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Title: Perceptions of malaria in pregnancy and acceptability of preventive interventions among Mozambican pregnant women: implications for effectiveness of malaria control in pregnancy
Authors: Boene, Helena
González, Raquel
Valá, Anifa
Rupérez, María
Velasco, César
Machevo, Sónia
Sacoor, Charfudin
Sevene, Esperança
Macete, Eusébio
Menéndez, Clara
Munguambe, Khátia
Keywords: Malaria
Pregnant Women
Issue Date: 2014
Publisher: PLOS ONE
Citation: Boene H, González R, Valá A, Rupérez M, Velasco C, et al. (2014) Perceptions of Malaria in Pregnancy and Acceptability of Preventive Interventions among Mozambican Pregnant Women: Implications for Effectiveness of Malaria Control in Pregnancy. PLoS ONE 9(2): e86038. doi:10.1371/journal.pone.0086038
Abstract: Background: Intermittent Preventive Treatment (IPTp) and insecticide treated nets (ITNs) are recommended malaria in pregnancy preventive interventions in sub-Saharan Africa. Despite their cost-effectiveness and seemingly straight-forward delivery mechanism, their uptake remains low. We aimed at describing perceptions of pregnant women regarding malaria and the recommended prevention interventions to understand barriers to uptake and help to improve their effectiveness. Methods and findings: We used mixed methods to collect data among 85 pregnant women from a rural area of Southern Mozambique. Information was obtained through observations, in-depth interviews, and focused ethnographic exercises (Free-listing and Pairwise comparisons). Thematic analysis was performed on qualitative data. Data from focused ethnographic exercises were summarized into frequency distribution tables and matrices. Malaria was not viewed as a threat to pregnancy. Participants were not fully aware of malaria- associated adverse maternal and birth outcomes. ITNs were the most preferred and used malaria preventive intervention, while IPTp fell between second and third. Indoor Residual Spraying (IRS) was the least preferred intervention. Conclusions: Low awareness of the risks and adverse consequences of malaria in pregnancy did not seem to affect acceptability or uptake to the different malaria preventive interventions in the same manner. Perceived convenience, the delivery approach, and type of provider were the key factors. Pregnant women, through antenatal care (ANC) services, can be the vehicles of ITN distribution in the communities to maximise overall ITN coverage. There is a need to improve knowledge about neonatal health and malaria to improve uptake of interventions delivered through channels other than the health facility.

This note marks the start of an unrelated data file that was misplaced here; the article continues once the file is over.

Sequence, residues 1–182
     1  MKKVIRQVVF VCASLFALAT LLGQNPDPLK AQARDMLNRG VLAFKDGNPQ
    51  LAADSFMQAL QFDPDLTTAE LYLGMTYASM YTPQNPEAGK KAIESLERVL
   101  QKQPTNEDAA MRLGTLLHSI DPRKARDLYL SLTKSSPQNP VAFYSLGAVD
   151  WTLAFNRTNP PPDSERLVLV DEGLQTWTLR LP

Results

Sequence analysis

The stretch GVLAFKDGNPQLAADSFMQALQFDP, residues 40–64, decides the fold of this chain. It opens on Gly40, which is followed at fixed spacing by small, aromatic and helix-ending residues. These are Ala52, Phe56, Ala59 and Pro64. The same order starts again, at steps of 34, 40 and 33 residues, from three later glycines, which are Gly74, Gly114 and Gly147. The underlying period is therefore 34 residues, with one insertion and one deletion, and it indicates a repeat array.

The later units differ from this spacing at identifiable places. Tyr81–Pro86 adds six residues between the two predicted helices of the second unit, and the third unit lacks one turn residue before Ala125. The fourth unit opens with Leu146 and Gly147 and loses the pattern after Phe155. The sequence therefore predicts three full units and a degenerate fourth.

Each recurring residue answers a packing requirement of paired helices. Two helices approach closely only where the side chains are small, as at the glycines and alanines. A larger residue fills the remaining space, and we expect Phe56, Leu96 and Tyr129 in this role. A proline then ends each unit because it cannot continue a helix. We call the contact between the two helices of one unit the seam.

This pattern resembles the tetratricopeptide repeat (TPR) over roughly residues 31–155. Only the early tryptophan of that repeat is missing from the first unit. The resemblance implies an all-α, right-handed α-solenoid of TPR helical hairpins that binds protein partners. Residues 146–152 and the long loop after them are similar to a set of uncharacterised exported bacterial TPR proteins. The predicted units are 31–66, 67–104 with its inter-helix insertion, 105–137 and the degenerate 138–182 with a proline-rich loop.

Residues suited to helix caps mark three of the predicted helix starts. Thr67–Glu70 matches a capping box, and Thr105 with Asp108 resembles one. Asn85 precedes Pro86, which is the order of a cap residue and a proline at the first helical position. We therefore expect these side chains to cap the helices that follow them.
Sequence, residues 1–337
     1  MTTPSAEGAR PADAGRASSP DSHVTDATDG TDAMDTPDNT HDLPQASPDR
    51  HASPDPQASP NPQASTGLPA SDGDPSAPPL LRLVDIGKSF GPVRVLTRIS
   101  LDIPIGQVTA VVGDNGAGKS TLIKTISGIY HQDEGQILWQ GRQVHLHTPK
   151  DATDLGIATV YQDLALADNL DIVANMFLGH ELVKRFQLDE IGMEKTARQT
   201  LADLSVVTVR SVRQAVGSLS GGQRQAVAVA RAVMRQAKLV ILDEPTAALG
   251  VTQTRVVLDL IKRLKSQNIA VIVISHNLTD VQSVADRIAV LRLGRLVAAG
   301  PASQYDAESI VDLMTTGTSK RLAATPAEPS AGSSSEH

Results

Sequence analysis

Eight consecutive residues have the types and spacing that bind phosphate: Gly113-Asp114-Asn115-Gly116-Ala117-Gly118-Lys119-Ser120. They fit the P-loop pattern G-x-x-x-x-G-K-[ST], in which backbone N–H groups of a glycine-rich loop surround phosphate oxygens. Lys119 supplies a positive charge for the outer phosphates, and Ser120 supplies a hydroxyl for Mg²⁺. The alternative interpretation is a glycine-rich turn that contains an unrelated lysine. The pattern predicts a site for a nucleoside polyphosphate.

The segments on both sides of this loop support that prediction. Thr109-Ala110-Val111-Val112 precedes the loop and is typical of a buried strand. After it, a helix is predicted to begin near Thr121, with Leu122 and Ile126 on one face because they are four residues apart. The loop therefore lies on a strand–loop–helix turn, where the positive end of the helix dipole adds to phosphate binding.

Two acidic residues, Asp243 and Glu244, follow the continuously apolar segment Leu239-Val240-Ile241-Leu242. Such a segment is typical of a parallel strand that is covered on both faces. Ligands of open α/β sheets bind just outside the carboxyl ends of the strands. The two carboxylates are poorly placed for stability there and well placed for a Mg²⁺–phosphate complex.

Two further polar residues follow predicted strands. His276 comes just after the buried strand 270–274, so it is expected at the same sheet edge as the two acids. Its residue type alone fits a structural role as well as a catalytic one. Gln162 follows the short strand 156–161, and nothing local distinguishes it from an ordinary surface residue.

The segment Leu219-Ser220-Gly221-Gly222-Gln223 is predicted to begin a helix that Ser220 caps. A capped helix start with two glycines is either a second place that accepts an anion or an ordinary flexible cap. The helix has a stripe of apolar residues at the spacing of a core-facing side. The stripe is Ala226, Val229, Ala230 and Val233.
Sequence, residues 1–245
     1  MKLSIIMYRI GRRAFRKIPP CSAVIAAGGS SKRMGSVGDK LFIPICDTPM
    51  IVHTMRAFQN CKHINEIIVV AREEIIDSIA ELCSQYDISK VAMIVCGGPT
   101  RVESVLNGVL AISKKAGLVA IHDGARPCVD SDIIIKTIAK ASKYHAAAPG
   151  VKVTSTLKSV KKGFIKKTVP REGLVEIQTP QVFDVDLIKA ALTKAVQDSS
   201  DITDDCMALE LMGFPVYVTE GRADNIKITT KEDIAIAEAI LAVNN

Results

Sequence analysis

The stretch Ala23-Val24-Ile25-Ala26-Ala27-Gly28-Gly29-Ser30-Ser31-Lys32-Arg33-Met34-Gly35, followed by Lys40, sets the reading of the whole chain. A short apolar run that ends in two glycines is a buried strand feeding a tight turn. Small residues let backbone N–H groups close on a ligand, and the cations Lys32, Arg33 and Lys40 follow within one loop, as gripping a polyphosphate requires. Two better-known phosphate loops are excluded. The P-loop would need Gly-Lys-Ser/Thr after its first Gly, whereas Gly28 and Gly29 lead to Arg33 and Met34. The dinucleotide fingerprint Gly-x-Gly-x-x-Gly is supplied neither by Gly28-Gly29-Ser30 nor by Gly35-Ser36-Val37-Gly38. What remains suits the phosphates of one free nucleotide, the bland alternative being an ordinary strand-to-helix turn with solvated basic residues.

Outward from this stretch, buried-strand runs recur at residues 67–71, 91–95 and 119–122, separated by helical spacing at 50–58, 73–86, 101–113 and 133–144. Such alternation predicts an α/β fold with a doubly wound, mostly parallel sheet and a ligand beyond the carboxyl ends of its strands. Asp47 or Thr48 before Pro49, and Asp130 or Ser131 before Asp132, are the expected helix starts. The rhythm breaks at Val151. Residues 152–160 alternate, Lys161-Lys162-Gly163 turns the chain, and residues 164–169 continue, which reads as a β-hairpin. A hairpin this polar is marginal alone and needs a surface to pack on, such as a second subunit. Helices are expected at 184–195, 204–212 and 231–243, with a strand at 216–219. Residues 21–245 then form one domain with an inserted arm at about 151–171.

Appears in Collections:Artigos Publicados em Revistas Cientificas - FAMED

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